What Political Parties Need to Learn From the NBA and Hollywood

President Barack Obama's post-White House plans are becoming clearer. 


In an interview with NPR last week, Obama said he is “interested in developing a whole new generation of talent."

Indeed, this election highlighted the serious talent crisis in American politics.

The aftermath is shining a laser focused beam on the importance of developing a robust talent pipeline of leadership for our political ecosystem. CEOs across America will tell you that the most valuable resource in their company is human capital. Executives in fields as diverse as Hollywood, professional sports, non-profits, and school administration will echo that sentiment. In every industry, human capital is king. Every year in America we spent approximately $75 billion on talent identification, development, and retention.

The one place where we don’t make this kind of investment is where it’s needed most: In the talent that runs for political office. As The Nation's Russell Mokhiber reported in 2012, "about 33 percent of all state legislative-district elections in 2012 had only one candidate per seat in the race."

In just on example of how the lack of political talent impacts legislative outcomes, consider that in the age of cybersecurity nightmares only four members of Congress hold computer science degrees — Reps. Will Hurd (R-Texas), Ted Lieu (D-Calif.), Bill Johnson (R-Ohio), and House Majority Whip Steve Scalise (R-La.).

ted lieu

National party committees would argue that they recruit candidates all the time, and, in a handful of sure-to-be-hot races, they do. But recruiting candidates and developing leadership talent are two very different things. The parties ignore recruitment in the most elections and stand aside from real leadership development work almost across the board. 

The political talent glut was on display for Democrats this election cycle. As David Dayen of the New Republic noted in March, when filing deadlines passed for 19 states where a total of 163 seats were up for grabs, Democrats had failed to recruit a single candidate in 27 different races. 

President Obama has a history of developing young political talent. 

For example, the Obama Administration created the United States Digital Service, which heavily recruited young engineers from major Silicon Valley talent pools to take on technology crises in government, from the Veterans Affairs backlog to the early problems with the rollout of Healthcare.gov.

This new kind of government initiative — which requires recruiting genuinely skilled people and convincing them to give up big salaries and career opportunities for stints in public service, has proven capable of earning bipartisan support—a real rarity—inside Congress.  The military is another place we see a robust effort to recruit, train and help grow leaders.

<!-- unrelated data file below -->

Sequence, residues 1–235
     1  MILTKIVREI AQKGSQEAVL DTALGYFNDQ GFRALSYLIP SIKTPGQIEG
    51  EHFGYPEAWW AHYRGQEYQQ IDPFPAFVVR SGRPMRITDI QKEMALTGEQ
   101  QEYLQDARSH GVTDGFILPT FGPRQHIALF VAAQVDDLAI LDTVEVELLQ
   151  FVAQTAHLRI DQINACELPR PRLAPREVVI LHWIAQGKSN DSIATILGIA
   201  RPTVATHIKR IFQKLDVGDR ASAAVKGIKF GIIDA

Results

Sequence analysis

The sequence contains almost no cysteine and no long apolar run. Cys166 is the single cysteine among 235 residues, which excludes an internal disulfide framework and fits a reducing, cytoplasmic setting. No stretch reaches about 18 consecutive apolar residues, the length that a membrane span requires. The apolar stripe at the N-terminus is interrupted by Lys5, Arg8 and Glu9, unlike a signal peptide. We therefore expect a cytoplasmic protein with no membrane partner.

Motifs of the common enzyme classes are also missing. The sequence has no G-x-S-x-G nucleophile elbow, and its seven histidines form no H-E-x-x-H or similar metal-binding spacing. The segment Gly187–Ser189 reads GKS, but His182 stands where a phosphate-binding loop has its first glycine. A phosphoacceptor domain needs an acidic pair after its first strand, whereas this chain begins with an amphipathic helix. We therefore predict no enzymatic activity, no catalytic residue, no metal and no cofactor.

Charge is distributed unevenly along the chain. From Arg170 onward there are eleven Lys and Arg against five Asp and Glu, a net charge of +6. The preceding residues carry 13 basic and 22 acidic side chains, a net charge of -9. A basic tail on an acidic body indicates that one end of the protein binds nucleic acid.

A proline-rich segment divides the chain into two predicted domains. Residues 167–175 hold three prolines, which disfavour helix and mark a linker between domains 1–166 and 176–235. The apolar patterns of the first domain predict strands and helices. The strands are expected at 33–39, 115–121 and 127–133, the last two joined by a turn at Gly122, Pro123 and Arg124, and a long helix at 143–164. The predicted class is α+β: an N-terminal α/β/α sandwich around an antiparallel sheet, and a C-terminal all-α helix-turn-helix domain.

But yet when it comes to candidates, it has alluded us. 

Several decades ago, if you were a young person who wanted to change the world, you went into politics. Today, though, politics has become anathema to many in the millennial generation. If you are a talented leader, you feel compelled to go into business, start a company, or work with a nonprofit or an NGO to try to change the world. Politics looks like a playing field filled with partisan bickering, bureaucracy, and corruption. For a smart, talented young person today, politics is at the bottom of the list of careers to choose to make America or the world a better place. If this continues, we risk losing a whole generation of those who could be among our greatest public servants. 

brothers keeper

Some groups are working on this problem, including Run for America. But we need a national call to action in response to this crisis. For a president who once electrified a generation, but unfortunately saw even his own party develop without a strong “bench” of young leaders, this would be a great use of his wisdom, experience, and political gifts. His signaling on this issue should be a call across the country to tackle this crisis. Without strong and broad-based human capital in government (and particularly in elected leadership positions), we can’t make critical progress on our biggest national challenges. Both parties must think and act seriously on this problem and find ways to avoid losing the enormous talents and dynamism of our next generation of leadership from the spheres of politics and public life.

David Burstein is the Founder & CEO of Run for America, an organization that works to recruit, develop and work to elect new leaders to public office in America.